The Jubilee celebrations marking 60 years since Queen Elizabeth II became monarch of the United Kingdom of Great Britain and Northern Ireland have reflected an enormous spectacle of public relations. They have provided a promotional occasion for London, the Royal Family, several Commonwealth countries and (in a more subtle and less aggressive way than the forthcoming Olympics), for several brands, such as Waitrose which provided the Buckingham Palace picnic hampers.
A missed opportunity for public relations was the Jubilee concert. The line-up was a predictable turnout with few truly memorable moments. Madness playing on the roof of the Palace was the talk-about moment – with Trunk Animation Limited providing the highlight projections across the building’s facade.
There was a lack of original musical inspiration which comes from creative partnerships rather than allowing a parade of the same-old (literally) artists to perform their showreel hits. I would have liked to see a showcase of young, original talent being mentored by the doyens of British music – perhaps through a partnership with the Prince’s Trust. That would have enabled relationships to be developed between those who have enjoyed a long-career in music and those who could truly benefit from such a global promotional stage.
Another failure in promotion has been the BBC’s television coverage; too celebrity obsessed and full of lightweight commentary (who cares what a procession of nonentities think about proceedings?) This is a shame as it has produced some great documentaries around the Jubiliee – notably the tribute by Prince Charles told through archive family photographs and films. Overall though, an opportunity for demonstrating its competency as a global broadcaster has been poorly executed across pretty much all of the major events.
The Jubilee song, Sing, was a more successful endeavour as it encompassed performers from several commonwealth countries. A contribution from sales will be donated to the Queen Elizabeth Diamond Jubilee Trust which is raising money for causes around the Commonwealth.
There have been opportunities for the public to get behind the celebrations – from street parties to lining the route of the various activities in London, from lighting beacons around the world to participating through public ballots in the flotilla, concert audience and so on. Members of the Royal Family have also toured the UK and the Commonwealth in the weeks and months leading up to this weekend. This has had echoes of the Silver Jubilee in 1977 which many of us remember from our childhoods; my mother remembers the Coronation, although largely for her first experience of watching television and the birth of her first niece on 2 June 1952.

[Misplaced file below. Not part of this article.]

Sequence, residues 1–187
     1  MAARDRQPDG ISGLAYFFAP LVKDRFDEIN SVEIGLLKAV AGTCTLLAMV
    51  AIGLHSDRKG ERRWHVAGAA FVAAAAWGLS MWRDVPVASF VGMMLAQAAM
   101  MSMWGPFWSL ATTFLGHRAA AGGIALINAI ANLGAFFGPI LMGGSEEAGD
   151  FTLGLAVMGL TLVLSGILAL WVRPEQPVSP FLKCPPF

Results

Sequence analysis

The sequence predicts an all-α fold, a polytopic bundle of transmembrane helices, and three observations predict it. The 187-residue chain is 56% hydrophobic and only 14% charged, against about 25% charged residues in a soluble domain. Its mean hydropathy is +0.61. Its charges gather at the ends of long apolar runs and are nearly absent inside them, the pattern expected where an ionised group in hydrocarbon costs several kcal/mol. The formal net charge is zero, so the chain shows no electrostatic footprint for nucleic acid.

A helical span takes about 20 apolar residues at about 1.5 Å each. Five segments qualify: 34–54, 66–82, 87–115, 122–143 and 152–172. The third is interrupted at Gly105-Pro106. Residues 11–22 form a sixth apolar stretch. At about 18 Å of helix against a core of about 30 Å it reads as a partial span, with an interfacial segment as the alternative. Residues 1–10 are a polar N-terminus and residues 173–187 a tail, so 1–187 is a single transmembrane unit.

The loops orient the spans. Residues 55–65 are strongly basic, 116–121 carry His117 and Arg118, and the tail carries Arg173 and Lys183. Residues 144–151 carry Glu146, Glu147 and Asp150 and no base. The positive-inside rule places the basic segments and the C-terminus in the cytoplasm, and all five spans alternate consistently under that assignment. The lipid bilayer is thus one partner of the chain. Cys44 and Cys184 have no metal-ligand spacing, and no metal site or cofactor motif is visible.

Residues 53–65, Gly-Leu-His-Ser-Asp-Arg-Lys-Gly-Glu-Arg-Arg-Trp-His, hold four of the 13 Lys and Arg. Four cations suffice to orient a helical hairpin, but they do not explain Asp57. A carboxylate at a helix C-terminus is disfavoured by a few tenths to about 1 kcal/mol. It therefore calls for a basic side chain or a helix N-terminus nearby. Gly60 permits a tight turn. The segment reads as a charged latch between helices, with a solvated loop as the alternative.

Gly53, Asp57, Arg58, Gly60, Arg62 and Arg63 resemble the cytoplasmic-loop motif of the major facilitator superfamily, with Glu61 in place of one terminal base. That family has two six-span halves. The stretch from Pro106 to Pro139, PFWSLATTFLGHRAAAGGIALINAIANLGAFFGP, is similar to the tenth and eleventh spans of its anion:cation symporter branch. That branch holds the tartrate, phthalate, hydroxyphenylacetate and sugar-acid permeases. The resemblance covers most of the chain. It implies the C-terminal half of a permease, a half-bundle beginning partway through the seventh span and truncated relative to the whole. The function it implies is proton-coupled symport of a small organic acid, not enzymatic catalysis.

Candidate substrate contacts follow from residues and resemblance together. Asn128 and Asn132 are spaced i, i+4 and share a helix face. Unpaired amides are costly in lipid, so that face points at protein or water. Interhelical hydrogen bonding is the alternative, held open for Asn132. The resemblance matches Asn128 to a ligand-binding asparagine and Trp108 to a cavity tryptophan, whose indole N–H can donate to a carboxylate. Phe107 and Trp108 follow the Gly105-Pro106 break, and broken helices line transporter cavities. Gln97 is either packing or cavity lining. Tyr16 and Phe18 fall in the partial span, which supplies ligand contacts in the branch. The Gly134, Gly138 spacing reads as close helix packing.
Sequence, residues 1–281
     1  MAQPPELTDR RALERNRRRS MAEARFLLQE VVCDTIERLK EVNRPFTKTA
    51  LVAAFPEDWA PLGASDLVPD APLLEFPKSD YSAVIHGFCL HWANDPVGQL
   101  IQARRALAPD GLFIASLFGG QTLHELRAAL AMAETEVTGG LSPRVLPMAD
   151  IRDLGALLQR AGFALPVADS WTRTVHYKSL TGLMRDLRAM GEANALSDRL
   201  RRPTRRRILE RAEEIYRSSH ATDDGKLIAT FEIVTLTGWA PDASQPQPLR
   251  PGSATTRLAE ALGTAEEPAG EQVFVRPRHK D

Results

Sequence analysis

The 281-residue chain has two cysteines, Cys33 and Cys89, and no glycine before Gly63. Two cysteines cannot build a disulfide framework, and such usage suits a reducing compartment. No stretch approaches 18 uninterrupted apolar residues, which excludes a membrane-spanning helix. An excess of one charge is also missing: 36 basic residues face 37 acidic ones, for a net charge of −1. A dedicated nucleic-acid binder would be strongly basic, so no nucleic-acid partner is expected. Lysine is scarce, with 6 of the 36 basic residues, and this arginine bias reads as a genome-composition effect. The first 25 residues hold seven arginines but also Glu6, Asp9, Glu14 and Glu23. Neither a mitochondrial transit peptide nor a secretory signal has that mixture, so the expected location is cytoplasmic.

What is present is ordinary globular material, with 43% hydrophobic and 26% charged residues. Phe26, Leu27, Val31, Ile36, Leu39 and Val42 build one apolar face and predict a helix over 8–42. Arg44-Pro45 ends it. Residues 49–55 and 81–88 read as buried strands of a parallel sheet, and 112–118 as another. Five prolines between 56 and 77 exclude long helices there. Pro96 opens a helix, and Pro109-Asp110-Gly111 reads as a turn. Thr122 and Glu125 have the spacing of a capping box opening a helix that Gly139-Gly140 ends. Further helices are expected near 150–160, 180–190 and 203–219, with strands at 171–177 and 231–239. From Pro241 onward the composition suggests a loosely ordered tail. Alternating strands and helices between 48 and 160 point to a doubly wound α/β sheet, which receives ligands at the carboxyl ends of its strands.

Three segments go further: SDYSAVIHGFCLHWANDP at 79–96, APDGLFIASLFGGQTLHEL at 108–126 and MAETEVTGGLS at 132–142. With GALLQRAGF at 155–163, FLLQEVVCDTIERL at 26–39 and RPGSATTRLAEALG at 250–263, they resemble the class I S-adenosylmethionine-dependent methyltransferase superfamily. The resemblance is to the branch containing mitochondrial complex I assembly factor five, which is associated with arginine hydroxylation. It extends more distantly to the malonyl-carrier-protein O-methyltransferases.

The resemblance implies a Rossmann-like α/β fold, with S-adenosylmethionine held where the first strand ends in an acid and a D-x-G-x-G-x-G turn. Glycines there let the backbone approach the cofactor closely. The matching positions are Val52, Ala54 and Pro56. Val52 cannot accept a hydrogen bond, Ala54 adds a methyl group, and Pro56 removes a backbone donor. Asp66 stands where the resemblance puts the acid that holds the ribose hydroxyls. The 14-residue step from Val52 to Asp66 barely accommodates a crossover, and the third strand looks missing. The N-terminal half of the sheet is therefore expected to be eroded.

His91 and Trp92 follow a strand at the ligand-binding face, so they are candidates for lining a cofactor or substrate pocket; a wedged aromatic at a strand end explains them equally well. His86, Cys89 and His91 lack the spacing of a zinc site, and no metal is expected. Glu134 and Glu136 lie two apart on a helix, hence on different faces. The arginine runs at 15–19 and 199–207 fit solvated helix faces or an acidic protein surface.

These connections back over the past 60 years, whether through the Royal Family or our own participation, link public and private relations. In 2012, unlike previous celebrations – even the Golden Jubilee a decade ago – we could promote personal involvement through social media. Instagram‘s Gramfeed provides a tapestry of images. The British Foreign Office used Pinterest to illustrate its global participation. #jubilee trended on Twitter – with the mainstream media trawling for comments for its coverage.
At the heart of everything is the image of one 86-year old woman – born into a lifetime of public relations. The Queen lives a largely public life, although she maintains a private persona, and tends to communicate primarily through carefully crafted speeches – something of a rarity in these over-communicating times. Her role is not simply symbolic or promotional, she embodies a responsibility – a Royal duty – to build public relationships. Her public appearances are an opportunity for community relations; as Monarch she is required to contribute towards building national relationships; as head of the Church of England, she undertakes relationship building between faiths.
Regardless of whether or not a Monarchy is a good thing, the Queen has to be the hardest working person in a public relations role. She didn’t choose this occupation and cannot retire from it either. Her original introduction onto the global stage was under the mentorship of another supreme public relations practitioner, her first Prime Minister, Winston Churchill. There have been hiccups along the way – such as a need to adapt to media demands for public emotion over decorum and protocol around the death of Diana, Princess of Wales for example. That’s not surprising given the way in which the world, let alone Britain, has changed over the past six decades.
But ultimately the Queen reflects the essence of public relations which has changed little over this time. Last week I read a speech given in 1952 by Vera H Watkins titled: My Job as a Public Relations Consultant. In it she presents a perspective on public relations, explaining that more people know you than you can know personally – but whom you wish should think well of you. Once this occurs, you must look for and add to your public relations.
The Jubile celebrations have given the Queen an opportunity to add to her public relations as I’m sure many people will have thought well of her – and hopefully of Britain too. I hope she continues strong and healthy for a Platinum Jubilee in 2022 – she’ll be rivalling Bernays for the longest career in public relations.